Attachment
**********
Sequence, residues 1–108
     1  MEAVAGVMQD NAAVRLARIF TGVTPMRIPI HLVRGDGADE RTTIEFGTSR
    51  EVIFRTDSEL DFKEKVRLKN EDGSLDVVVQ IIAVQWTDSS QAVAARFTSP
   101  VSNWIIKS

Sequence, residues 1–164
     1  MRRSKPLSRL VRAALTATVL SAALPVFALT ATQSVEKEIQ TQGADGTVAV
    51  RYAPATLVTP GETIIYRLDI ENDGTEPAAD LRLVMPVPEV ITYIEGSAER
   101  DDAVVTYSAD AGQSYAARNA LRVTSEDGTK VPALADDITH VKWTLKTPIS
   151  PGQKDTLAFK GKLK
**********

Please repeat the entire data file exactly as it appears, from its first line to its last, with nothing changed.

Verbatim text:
Sequence, residues 1–108
     1  MEAVAGVMQD NAAVRLARIF TGVTPMRIPI HLVRGDGADE RTTIEFGTSR
    51  EVIFRTDSEL DFKEKVRLKN EDGSLDVVVQ IIAVQWTDSS QAVAARFTSP
   101  VSNWIIKS

Sequence, residues 1–164
     1  MRRSKPLSRL VRAALTATVL SAALPVFALT ATQSVEKEIQ TQGADGTVAV
    51  RYAPATLVTP GETIIYRLDI ENDGTEPAAD LRLVMPVPEV ITYIEGSAER
   101  DDAVVTYSAD AGQSYAARNA LRVTSEDGTK VPALADDITH VKWTLKTPIS
   151  PGQKDTLAFK GKLK